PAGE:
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Groovy can save Swing

Groovy can save Swing. Well maybe, and maybe not. The real question in my mind is tools supporting Groovy Swing development. But for more of the substantive issues, Groovy can foot the bill. According to pinderkent JRuby cannot save Swing. This was a response to Julian Doherty's JRuby can save Swing, which itself was a response to an old post by Joshua Marinacci titled Swing has Failed. That's a lot of items to respond to, so for this post I will keep my comments to the first post, JRuby cannot save swing.

First, Kent brings up an oldie but a goodie, "Swing is Slow." At least he isn't pounding on Java is slow, that has academicaly been disproven years ago. The only problem left must be the API, and it is not the use of the API that makes many swing apps slow, but its abuse. The stock answer to this is always true: "bad programmers abuse the Event Dispatch Thread." Seriously, whenever anyone wants to start programming Swing someone else needs to get a stick and beat them until they write in blood the oath "I will not do data processing in the Event Dispatch Thread."

So how does Groovy make this simpler? It's closure syntax makes it less crufty to do things like process data in response to a button event. Check out one of my older posts on Groovy, Verbosity, and Swing to see how easy it is.

Kent's second argument is a red hearing. He complains about how difficult the swing API is. Let's look at another successful GUI toolkit: windows. We have the raw win32 APIs, then there is the MFC that got layered on top of that (or OWL if you are a Delphi fan) and then, yet another layer if you are up to date: WinForms. Lots of ugly confusing layers and arcane code. Lots of APIs are not a symptom of a toolkit that has failed, quite the contrary in most cases. I'd say it's a sign of maturity, and of a toolkit that people have used and that has evolved. You want simple? Go write web pages, just don't do anything complex, like AJAX, or CSS support across multiple browsers, or... wait. That stuff is just as big and confusing as Swing! Take your straw man and go home already

Finally, why is Groovy so much better in my opinion than JRuby for Swing apps? It's all about the syntax. Groovy looks like Java 95% of the time. In fact almost all Java code snippets can be dropped into a Groovy script without alteration. JRuby? You need to learn a new syntax, and ugly PERLisms like conditionals after statements. i.e. format_drive unless drive_has_useful_data, the problem being the "unless" portion can scroll off the right of your text editor so you can never see it. Swing programmers are used to seeing C based Java Code, and almost all Java code drops into Groovy quite nicely.

But none of this will matter unless we get better IDE support for Groovy. Sure, there is an eclipse plug-in for Groovy and Grails, and NetBeans has Coyote. But JetBrains has gone Ruby on Rails crazy and NetBeans is going down that path as well for NetBeans 6.0. It appears that tool support, and not completion of the JSR, will be Groovy's Alamo.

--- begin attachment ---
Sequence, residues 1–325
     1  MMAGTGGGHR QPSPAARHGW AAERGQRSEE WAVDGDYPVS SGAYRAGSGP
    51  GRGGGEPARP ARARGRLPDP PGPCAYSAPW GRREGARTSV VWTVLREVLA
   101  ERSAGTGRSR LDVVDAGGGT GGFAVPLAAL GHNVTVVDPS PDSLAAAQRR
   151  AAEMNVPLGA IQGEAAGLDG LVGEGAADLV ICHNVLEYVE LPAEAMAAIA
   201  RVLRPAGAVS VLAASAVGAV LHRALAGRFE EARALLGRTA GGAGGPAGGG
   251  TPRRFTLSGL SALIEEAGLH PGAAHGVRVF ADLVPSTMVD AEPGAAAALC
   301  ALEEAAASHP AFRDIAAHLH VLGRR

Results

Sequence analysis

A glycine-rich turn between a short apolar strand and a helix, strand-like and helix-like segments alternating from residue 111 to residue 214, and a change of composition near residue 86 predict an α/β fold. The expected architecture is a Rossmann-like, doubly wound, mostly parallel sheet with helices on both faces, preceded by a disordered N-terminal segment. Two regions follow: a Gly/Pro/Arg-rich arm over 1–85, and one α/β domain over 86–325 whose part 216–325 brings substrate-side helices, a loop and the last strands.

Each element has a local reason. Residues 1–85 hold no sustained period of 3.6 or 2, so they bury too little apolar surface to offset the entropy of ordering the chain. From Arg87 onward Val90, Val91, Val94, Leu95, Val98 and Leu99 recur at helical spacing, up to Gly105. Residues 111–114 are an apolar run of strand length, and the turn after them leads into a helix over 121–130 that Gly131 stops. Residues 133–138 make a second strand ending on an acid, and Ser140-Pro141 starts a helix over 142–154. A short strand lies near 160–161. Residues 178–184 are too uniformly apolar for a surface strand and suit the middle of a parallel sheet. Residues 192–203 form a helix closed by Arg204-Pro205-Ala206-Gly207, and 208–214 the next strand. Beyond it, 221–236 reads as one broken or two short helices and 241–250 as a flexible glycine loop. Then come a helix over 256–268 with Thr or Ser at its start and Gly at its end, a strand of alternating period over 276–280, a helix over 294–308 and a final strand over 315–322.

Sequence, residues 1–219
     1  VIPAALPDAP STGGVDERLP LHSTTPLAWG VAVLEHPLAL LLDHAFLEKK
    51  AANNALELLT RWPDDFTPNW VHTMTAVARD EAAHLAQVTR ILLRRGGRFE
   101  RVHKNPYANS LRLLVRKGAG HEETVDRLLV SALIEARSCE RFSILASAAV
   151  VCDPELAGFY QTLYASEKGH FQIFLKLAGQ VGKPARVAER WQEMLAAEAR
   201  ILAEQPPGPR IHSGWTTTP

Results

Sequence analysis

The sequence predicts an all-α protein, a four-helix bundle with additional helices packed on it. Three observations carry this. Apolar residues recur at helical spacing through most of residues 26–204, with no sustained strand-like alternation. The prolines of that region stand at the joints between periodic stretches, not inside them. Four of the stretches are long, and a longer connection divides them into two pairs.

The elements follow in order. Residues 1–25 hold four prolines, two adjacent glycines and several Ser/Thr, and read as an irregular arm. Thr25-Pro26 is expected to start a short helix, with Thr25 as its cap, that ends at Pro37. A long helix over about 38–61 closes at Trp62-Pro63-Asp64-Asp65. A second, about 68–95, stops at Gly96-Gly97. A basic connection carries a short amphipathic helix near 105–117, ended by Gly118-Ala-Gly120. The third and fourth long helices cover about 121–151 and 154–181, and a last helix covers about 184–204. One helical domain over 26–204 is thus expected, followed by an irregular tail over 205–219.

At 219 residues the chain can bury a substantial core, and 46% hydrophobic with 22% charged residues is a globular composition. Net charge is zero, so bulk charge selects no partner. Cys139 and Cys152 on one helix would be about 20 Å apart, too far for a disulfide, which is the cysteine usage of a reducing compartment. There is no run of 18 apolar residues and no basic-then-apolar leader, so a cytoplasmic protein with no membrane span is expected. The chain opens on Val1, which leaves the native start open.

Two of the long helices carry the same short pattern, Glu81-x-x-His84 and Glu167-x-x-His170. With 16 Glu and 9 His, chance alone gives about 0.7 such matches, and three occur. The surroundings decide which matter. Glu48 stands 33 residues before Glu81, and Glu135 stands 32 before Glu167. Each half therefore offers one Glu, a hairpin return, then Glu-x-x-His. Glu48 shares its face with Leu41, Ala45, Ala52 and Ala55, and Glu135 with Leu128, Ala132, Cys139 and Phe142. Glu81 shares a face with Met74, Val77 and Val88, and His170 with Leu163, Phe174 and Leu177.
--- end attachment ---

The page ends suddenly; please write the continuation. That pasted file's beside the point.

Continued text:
Comments (3)


Very interesting and informative post. Groovy does sound very cool, and if I were mainly a Java programmer, I'd be inclined to use it before Ruby.

However, your criticisms of Ruby seem weak. Learning its syntax is not hard at all. Any programmer should never be afraid of learning new things if the pay-off is worth it. (Not to say that Ruby is for everyone: Groovy may still be better for you.) If you don't like the unless clauses, don't use them. If you don't like lines that make you scroll, reformat them. And if you just don't like Ruby, feel free to use Groovy or Java or befunge if you want.

Danno Ferrin [TypeKey Profile Page]:

Syntax alone isn't the thrust of the criticism on Ruby's syntax. The ability to do drop in use of Java based code snippets for some Swing features was the main intent of it. Groovy is more compatible with the existing knowledge base of how to do things in Swing.

BTW, to the uninformed reader (like I was 2 minutes before posting it) Befunge is a legitimate language, that is if you grant that INTERCAL is a legitimate language as well.


Groovy looks like Java 95% of the time. In fact almost all Java code snippets can be dropped into a Groovy script without alteration.

That's my main concern with groovy. With each version the java language get more expressivity (even if you only consider java 5) so using another language which can give you only a 15-20% better productivity doesn't pay when you can get even more just using a world-class IDEs (eclipse, IDEA) and a nice framework. In an "enterprise" team, groovy doesn't pay.

To me, the real contenders in this field are jruby and jython (I don't know scala to adding it here) which can offer you more productivity gain than java plus some ide. They are "real world" languages too, they are mature as a language and you can leverage the know-how in non-java environments using its C conterparts. Unfortunately (for my taste, being a python guy), jython is advancing so slow that the only contender right now is jruby.

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This page contains a single entry from the blog posted on February 20, 2007 4:03 PM.

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